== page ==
As the complexity of patients continues to increase, it’s easy to forget our most basic nursing skills when some days we are just trying to save a life and get a bathroom break. However, the more complicated our patients become the more important it is to perform the basics. My very first nurse preceptor, who was one of the best nurses I have ever worked with, emphasized the importance of these skills and made it clear that the best nurses can manhandle both complicated and basic skill sets. This, of course, was all with the patients’ benefit in mind. So without further ado, don’t forget the following on your next shift.
Hand hygiene has been studied for a couple centuries now and the CDC has been perfecting a protocol for decades. Whichever way you look at it, the effectiveness of hand washing has been more than well documented. Wash your unsoiled hands with hand sanitizer when walking into a patients’ room, leaving a patients’ room or after any contact with a patient. Of course, if your hands are soiled or your patient has C. Diff, please wash your hands with soap and water. Also, hold others accountable. I know we’ve heard it all before, but seriously wash your hands and tell everyone else to do it too. Make Florence proud.
If your patients are lying in bed, immobile, for any period of time, turn them at least every two hours. Once again, with patients’ increasing acuity and chronic illness, they are more susceptible to pressure ulcers. I could talk about how Medicaid and Medicare are no longer reimbursing for hospital acquired pressure ulcers, but the monetary cost is not nearly as important to me as the physical cost to the patient.
I have worked in several I.C.U.’s and I’ve heard every excuse in the book regarding why patients can’t be turned. So, when you decide to skip the turn, check yourself. Is your patient REALLY too unstable to turn? Will you REALLY wake your patient up?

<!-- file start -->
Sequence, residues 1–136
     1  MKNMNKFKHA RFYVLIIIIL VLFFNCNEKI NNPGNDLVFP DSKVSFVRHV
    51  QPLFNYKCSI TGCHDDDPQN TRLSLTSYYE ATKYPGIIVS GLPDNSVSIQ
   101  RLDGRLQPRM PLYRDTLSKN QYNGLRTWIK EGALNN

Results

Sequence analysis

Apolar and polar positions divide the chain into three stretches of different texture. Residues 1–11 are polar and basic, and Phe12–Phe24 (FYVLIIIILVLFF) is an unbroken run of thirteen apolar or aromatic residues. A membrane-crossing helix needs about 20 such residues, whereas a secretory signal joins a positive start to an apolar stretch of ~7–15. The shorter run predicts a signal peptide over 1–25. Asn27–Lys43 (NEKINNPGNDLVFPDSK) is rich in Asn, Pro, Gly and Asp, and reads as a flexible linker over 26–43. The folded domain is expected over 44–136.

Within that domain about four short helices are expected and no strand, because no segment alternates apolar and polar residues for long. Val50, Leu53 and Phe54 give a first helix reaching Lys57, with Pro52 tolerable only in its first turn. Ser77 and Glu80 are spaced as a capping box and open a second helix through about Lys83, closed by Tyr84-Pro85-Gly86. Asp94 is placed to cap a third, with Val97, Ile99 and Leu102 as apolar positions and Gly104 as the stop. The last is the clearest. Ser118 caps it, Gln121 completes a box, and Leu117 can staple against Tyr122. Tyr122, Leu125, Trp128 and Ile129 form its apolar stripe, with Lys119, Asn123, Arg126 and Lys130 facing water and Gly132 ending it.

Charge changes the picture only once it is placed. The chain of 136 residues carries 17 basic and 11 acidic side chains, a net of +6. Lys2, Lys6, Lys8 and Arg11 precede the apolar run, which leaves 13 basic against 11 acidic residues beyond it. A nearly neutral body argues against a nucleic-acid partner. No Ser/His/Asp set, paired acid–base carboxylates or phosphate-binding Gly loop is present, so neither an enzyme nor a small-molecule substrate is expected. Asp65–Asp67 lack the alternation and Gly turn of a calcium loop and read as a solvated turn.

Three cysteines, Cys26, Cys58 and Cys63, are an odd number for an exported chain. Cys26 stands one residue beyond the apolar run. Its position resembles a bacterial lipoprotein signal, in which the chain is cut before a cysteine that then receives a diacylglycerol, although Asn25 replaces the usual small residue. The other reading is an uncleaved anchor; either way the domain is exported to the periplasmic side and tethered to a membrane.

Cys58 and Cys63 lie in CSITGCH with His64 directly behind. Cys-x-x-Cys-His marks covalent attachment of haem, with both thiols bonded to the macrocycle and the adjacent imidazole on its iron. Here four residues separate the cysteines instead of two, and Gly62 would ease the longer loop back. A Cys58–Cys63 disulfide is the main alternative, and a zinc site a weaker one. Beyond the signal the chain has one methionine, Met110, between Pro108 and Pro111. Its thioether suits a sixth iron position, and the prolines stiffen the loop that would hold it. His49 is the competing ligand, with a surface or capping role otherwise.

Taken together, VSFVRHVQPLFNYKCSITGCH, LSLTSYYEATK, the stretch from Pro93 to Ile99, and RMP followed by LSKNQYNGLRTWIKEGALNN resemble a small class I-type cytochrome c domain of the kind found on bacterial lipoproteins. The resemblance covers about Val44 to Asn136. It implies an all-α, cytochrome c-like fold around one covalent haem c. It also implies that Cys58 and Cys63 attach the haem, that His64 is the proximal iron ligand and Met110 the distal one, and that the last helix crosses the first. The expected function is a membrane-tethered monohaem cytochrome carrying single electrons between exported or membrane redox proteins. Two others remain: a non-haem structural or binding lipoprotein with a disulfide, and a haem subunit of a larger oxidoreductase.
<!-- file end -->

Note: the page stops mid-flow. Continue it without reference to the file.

This is another one where accountability is imperative. I know it’s tough at 0200 when you’ve started your IV of coffee and red bull to stay awake, but stand up and ask your fellow nurses if they need help turning their patients. The same goes for dayshift when everyone is so busy that turning is easy to overlook. The less busy nurses should make the effort to offer help repositioning.
Finally, I know I’m pushing it, but don’t forget to float heels and elbows with pillows, readjust the pillow behind your patient’s head, reposition the ET tube and/or ND tube and check for wrinkles in the sheets. Pressure ulcers are no joke.
For my I.C.U. nurses or nurses who care for chronically trached patients, oral care is imperative for the prevention of ventilator associated pneumonia (VAP) and several other issues. Effective oral care has been proven to reduce incidences of VAP. Occurrences of VAP were further reduced when oral care was bundled with other interventions, like elevating the head of the bed to at least 30 degrees.
Most hospital policies recommend oral care with 2% chlorhexidine solution every two to four hours. Also, don’t forget the oral moisturizer packet included in the oral care kit, this helps protect the oral mucosa from the irritating chlorhexidine.
Working in nearly any bedside nursing environment today is taxing. However, if you have time to talk or listen to your patient, take advantage of it. Understanding your patients’ goals for care and natural behavior can be more beneficial than you may think.
“Patient-centered care” is a newer buzzword with the academics, but basically it comprises the ideas of customized, empathetic and compassionate care for each patient. It has been proven to reduce costs and increase patient satisfaction.
For example, consider two similar heart failure patients. By communicating and understanding the patient’s goals for care a provider may learn that one is a good candidate for an LVAD and the other would be happier medically managed. Each patient has a different life and different goals that should be recognized.
Nurses basically invented compassionate care. In the midst of our crazy healthcare environment, we just need to try and bring it back on our hardest days.
Aside from the fact that chlorhexidine baths have been proven to decrease the risk of central line infections, baths are a very useful nursing tool. My first nursing preceptor, who I mentioned above, was a master of the quick and thorough bath. She bathed her I.C.U. patients every shift because most of the time they needed it, but also because it was the best way to comprehensively assess the patient. When I started working night shift, I used baths as a tool to help my patients’ sleep. Even when they would try to refuse, I encouraged them to accept and nearly 100% of the time, they were thankful and much more relaxed.
This rounds out the top five for me. Are there any basic nursing skills that are frequently missed?
Danielle is the owner of her nurse blog Nurse Abnormalities.